Nunani: Now and then (Part two)
RACHEL ATTITUQ QITSUALIK
Those members of the inlander family who made a profit by bringing much-needed coastal goods back home knew that they could only get ahead of their competition by getting the coastal people to receive less in trade than coastals were actually giving. The inlanders accomplished this by encouraging infighting among the coastal family members — the divide and conquer strategy.
It worked for a while, but eventually the coastal people saw what some of these inlanders were doing to them. Many of them began to demand a return to their original, coastal lifestyle, the way things were before the inland family settled among them. So they began to cut off relations with the inlanders, tried to drive them away from the coast, back to where they came from.
Now, by this time, the inlanders — at home and on the coast — had come to rely upon the wealth of resources the coast offered. There was no way they were going to go back to their original lands; they felt that the coast now belonged just as much to them as to the coastal family.
They were ready to fight for it. So mass skirmishing erupted between the inland family and the coastal family. But the feuding did not last long, since the inescapable fact was that the inland family was much larger than the coastal family. Fortunately, since neither side wanted to fight, they quickly negotiated a peace settlement — the coastals agreed to settle in their most prized traditional areas, while the inland descendants were to have the rest of the coast. Thus was the coast divided up, with either family agreeing that it would never trespass into the other’s area.
But the peace was fleeting.
The inlander family was large, prospering in their new coastal lands. And there grew a greater and greater demand for resources, so that the inlanders began, over time, to enviously eye the lands belonging to the coastals.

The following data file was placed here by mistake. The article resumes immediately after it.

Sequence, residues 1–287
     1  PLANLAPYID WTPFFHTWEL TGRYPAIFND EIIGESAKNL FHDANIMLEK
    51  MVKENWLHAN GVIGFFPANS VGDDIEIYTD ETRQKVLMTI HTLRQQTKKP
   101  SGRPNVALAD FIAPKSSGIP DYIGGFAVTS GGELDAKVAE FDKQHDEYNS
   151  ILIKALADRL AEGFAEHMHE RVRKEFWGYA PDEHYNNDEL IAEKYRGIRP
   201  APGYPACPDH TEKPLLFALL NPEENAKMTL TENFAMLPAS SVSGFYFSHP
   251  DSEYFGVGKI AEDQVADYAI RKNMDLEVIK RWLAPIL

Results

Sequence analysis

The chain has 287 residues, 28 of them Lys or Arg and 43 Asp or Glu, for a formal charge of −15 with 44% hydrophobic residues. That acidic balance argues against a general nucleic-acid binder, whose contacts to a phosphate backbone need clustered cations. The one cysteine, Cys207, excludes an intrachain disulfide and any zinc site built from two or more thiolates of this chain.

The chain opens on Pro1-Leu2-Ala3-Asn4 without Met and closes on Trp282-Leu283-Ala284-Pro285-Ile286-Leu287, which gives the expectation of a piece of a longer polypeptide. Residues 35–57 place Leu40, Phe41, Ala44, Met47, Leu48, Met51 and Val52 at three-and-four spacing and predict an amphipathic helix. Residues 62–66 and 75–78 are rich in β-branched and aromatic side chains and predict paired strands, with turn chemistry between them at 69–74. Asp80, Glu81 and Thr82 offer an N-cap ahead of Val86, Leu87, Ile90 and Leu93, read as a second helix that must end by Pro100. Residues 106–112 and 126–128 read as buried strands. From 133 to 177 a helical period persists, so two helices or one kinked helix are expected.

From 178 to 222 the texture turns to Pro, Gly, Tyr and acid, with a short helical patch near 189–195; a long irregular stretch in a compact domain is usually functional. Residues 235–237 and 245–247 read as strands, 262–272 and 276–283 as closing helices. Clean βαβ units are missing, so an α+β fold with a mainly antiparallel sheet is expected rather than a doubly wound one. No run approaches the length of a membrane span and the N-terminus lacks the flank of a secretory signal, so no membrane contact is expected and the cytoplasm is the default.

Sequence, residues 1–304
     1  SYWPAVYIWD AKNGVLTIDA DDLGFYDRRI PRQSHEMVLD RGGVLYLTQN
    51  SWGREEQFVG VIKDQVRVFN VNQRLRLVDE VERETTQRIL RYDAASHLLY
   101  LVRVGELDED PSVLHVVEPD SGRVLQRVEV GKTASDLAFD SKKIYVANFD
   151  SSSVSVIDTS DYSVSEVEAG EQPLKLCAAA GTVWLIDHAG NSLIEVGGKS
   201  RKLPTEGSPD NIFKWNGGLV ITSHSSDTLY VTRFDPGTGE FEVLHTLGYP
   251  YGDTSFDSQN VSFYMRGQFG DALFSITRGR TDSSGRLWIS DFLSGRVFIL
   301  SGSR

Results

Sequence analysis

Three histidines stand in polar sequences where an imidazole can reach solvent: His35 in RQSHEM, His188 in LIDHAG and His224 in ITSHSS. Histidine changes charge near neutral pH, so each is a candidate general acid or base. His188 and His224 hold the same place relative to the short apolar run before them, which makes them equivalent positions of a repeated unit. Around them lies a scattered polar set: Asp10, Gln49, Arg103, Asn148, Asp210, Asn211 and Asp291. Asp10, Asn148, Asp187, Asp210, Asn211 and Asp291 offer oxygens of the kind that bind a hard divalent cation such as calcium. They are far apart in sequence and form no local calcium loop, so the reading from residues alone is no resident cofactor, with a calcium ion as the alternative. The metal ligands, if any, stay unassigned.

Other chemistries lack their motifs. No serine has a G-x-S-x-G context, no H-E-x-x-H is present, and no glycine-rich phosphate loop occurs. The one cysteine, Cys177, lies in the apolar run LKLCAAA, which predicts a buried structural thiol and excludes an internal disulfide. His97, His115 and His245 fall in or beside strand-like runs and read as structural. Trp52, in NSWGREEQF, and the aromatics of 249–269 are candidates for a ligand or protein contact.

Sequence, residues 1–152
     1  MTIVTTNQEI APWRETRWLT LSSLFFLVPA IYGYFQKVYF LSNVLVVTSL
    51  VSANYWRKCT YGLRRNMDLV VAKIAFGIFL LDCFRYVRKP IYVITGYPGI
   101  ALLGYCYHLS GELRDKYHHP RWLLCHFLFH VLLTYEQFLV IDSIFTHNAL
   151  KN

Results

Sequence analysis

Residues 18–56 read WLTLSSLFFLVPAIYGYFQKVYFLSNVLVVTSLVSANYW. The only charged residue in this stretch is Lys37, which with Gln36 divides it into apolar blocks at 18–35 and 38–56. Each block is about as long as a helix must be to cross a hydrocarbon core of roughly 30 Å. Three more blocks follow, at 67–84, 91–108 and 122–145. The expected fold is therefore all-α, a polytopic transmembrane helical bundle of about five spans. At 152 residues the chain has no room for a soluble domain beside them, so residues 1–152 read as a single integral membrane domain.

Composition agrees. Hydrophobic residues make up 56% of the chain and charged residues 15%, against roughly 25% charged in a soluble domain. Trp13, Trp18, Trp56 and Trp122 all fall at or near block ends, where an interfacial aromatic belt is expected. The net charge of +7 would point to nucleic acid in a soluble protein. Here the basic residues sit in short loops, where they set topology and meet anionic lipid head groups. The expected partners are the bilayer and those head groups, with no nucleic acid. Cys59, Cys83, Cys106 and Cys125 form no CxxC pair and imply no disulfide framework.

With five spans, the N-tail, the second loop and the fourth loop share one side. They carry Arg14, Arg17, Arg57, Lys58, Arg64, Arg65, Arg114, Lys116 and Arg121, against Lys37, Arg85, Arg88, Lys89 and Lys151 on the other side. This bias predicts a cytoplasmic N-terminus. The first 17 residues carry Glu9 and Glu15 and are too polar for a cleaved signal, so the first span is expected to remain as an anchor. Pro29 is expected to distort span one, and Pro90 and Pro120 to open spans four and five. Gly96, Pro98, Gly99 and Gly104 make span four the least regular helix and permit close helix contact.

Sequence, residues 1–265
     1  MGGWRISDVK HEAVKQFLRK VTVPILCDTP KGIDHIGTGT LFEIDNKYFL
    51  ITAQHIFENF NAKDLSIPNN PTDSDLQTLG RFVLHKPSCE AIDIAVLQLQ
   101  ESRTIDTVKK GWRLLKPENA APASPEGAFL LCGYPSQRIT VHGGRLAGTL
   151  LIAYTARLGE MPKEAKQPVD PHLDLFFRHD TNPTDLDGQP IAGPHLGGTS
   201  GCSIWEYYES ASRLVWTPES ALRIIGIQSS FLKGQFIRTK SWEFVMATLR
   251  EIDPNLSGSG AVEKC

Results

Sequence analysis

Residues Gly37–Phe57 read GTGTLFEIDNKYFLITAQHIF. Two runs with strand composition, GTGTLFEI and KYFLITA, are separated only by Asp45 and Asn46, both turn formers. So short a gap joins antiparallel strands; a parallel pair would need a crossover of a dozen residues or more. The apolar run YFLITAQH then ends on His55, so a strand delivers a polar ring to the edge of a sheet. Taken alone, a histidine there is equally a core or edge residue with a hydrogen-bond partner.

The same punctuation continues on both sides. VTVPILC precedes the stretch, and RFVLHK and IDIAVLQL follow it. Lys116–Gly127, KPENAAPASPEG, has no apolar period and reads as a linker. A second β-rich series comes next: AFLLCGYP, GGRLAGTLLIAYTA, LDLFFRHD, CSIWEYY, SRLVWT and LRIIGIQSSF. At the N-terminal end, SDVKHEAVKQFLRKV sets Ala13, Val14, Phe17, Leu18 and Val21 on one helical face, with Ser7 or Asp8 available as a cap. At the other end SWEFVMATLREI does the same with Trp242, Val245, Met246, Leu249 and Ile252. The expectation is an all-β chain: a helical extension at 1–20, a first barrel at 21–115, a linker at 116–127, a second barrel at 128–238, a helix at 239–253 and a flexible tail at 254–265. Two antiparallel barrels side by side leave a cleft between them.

The problem began with inlander members who, on their own initiative, trespassed into coastal lands to harvest whatever they wished. And as the flood of invasive inlanders swelled, the coastals became increasingly angered, and decided that something must be done.
The leaders of the coastal family decided to confer with the leaders of the inland family, to remind them of the peace settlement. But the inlanders had become smug and conceited over time, realizing that they had always possessed the upper hand. So they condescended to the coastal leaders, waving away their appeal. In the end, they issued an ultimatum to the coastal family: For small recompense, the coastals must move out of their current lands.
You see, as it turned out, when the peace settlement had originally been negotiated, the inland family thought it had been getting the better part of the deal. They had believed, when the deal was forged, that the lands the coastals would settle into was utterly worthless. This had turned out to be untrue. In fact, while the inlanders had not realized it at the time, they now saw that the lands belonging to the coastal family were very valuable indeed. Their position was:
“We know we agreed that you would have it. But at the time, we didn’t know it was so valuable. Now we want a new deal.”
The inlander family demanded that the coastal family move to the worst part of the coast, a place where hunting was poor, and life would be difficult. The coastals, finally, would be displaced from their traditional home.
The coastals decided that the word of the inlanders was worthless. Life was not worth living anywhere else. So they waged a war against the inland family, trying to drive them back inland, trying to take back the coast. But it was far too late; the coastals were too few in comparison to the inlanders.
And, by this time, the inlanders were only too happy to have such a war. This was their chance to say openly,
“See how aggressive that coastal family is? We were only trying to prosper, but they would deny us this. We tried to negotiate, but now they want to fight. We need to protect ourselves.”
But, secretly, they whispered amongst themselves,
“Besides, this is finally our chance to get rid of those worthless coastals.”
For why trade when you can take?
(Continued next week.)